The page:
Click here to read the rest of the article.

Can Beatrice, 91, Afford to Stay in Her Home Indefinitely?

September 4th, 2020

Special to The Globe and Mail – By Dianne Maley

web_kcBefore Beatrice’s husband died, they sold the family house and invested a substantial sum in a portfolio designed to generate as much income as possible. The rest of the sale proceeds they used to renovate the family cottage and make it their home.

“Here, for the past 20 years, my mum has lived frugally, and only recently has her health required more care,” her son, one of five children, writes in an e-mail. At the age of 91, Beatrice is in the early stages of dementia and depends on a live-in caregiver, a family member.

All was going well financially until the pandemic knocked down the stock market, laying bare the riskiness of Beatrice’s investments, at least one of which has suspended distributions – money Beatrice relies on to pay for her care. While the stock market recovered, Beatrice’s portfolio is still languishing, her son adds.

“We, her children, are looking for direction and options on how to manage these assets,” her son writes. “Her financial adviser has not changed the assets significantly despite our calls to reduce risk and focus on a 10-year plan to unwind her assets to support her financial needs.”

Will their mother be able to stay in her home for the rest of her life? the son asks. Are there changes that should be made to the portfolio?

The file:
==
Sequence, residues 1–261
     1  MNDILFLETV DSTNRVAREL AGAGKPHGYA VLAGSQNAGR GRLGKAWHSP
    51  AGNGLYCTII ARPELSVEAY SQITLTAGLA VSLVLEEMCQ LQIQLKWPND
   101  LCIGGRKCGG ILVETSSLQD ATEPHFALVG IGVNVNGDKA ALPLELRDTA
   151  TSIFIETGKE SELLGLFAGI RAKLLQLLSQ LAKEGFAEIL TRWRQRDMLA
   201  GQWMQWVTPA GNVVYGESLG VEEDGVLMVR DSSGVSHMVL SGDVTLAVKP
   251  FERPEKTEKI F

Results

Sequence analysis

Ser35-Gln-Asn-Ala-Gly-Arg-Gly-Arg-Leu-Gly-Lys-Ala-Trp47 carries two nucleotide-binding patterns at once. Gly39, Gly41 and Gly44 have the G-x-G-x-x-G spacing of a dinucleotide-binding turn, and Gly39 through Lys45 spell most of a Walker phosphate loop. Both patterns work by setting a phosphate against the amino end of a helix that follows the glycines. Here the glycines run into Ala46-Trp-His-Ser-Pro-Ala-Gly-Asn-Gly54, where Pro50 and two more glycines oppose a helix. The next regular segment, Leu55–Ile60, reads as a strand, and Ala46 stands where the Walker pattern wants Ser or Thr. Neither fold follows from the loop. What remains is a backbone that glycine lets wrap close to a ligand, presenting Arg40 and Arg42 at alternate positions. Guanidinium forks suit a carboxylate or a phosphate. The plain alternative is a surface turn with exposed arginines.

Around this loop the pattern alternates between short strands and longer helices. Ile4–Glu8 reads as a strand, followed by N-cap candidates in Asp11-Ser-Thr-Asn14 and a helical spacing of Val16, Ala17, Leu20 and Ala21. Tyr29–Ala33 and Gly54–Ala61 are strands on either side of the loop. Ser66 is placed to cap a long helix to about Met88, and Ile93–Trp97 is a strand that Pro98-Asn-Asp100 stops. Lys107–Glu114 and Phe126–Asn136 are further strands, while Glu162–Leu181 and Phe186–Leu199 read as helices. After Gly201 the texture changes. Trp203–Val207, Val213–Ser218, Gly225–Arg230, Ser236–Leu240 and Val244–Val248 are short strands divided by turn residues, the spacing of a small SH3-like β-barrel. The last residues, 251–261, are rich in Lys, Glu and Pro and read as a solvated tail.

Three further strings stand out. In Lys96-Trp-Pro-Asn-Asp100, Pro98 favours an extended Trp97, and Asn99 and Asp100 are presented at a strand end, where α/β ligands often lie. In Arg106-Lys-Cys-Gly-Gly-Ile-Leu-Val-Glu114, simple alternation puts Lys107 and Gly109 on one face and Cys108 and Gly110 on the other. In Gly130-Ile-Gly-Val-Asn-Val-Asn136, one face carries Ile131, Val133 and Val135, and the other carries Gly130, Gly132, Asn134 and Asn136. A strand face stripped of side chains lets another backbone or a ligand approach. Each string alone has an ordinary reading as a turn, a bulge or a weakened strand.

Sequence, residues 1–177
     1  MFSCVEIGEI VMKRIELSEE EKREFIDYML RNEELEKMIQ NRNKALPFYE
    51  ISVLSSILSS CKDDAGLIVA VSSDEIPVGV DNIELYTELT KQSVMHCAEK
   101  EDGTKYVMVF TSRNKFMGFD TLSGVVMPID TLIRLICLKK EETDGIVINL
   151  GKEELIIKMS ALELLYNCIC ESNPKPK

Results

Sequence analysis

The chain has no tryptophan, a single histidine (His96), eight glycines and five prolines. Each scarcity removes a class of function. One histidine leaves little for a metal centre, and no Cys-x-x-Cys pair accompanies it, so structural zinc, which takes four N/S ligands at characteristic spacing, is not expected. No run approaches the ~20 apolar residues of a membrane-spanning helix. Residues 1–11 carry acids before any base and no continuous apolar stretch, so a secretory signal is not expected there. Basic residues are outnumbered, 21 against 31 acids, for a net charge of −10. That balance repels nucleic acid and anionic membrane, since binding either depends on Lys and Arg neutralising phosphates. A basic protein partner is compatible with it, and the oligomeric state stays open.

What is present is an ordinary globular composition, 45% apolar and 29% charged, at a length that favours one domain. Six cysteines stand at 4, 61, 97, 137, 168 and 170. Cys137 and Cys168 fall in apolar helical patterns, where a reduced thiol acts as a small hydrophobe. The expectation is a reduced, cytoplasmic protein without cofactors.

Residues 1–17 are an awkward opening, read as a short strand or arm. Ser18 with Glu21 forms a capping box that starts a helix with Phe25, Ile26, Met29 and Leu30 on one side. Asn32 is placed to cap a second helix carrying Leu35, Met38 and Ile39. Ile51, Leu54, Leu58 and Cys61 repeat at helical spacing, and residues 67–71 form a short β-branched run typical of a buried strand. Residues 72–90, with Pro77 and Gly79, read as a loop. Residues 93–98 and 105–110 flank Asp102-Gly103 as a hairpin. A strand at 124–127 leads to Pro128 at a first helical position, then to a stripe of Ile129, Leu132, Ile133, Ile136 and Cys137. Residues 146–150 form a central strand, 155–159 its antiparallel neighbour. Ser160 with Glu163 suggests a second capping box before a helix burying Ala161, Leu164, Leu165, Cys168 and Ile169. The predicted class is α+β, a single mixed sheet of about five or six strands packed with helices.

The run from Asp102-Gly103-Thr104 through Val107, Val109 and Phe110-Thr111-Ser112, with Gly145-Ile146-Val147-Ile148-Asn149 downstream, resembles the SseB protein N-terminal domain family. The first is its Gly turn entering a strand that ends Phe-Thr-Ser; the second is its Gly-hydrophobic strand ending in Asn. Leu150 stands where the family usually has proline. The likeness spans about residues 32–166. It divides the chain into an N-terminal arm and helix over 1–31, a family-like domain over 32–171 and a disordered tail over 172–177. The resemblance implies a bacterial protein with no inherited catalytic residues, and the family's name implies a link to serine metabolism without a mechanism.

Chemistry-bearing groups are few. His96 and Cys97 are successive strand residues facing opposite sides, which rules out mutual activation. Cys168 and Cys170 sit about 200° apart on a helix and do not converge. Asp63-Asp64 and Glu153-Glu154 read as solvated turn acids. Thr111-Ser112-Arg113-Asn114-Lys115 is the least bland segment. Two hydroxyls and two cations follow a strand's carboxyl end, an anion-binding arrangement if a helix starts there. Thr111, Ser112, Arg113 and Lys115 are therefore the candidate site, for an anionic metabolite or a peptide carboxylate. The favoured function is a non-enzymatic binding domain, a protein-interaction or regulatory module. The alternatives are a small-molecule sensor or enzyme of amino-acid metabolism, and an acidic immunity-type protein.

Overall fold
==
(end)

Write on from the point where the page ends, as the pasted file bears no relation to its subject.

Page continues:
We asked Keith Copping, a principal, financial planner and portfolio manager at Macdonald, Shymko & Co. Ltd. in Vancouver, to look at Beatrice’s situation. Macdonald Shymko is a fee-only financial planning and portfolio management firm.

Click here to read the rest of the article

Money 123: Make the Most of Your Money

April 28th, 2020

Special to Global News – By Erica Alini

Make the Most of Your Money

First, there was the Canada Emergency Response Benefit, which millions of Canadians are well acquainted with by now. This week the government started taking applications for the Canada Emergency Wage Subsidy, which will cover 75 per cent of employee wages for eligible businesses for up to 12 weeks.

The CERB and the CEWS overlap to a degree — and that is by design…

Should you change the way you invest?

You’ve heard the trope that financial markets are like a roller coaster. But between late February and March 23, the stock market took investors on the ride of their lives: a plunge of around 35 per cent of its value. Even those who remember well the 2008-2009 financial crisis will tell you this stock-market dive was shockingly steep.

It was a gut-wrenching moment — one that has prompted many to rethink their investment strategy. According to a recent poll conducted by Ipsos for Global News, some 14 per cent of Canadians are changing their approach to investing amid the novel coronavirus pandemic.

But is it a good idea?…

___________________________

– THE QUESTION –

“Could you explain what the benefits are of a registered disability savings plan (RDSP)? We have a son diagnosed with autism and have a registered education savings plan (RESP) in place.”

— A Money123 reader 

“The RDSP is a savings plan meant to financially support a disabled person. Anyone can contribute to an RDSP with written permission of the plan holder who typically is the parent or guardian of the disabled beneficiary.

Contributions to an RDSP can be made until the disabled beneficiary turns 59. There is no limit on how much can be contributed in a year, but there is a lifetime cap of $200,000.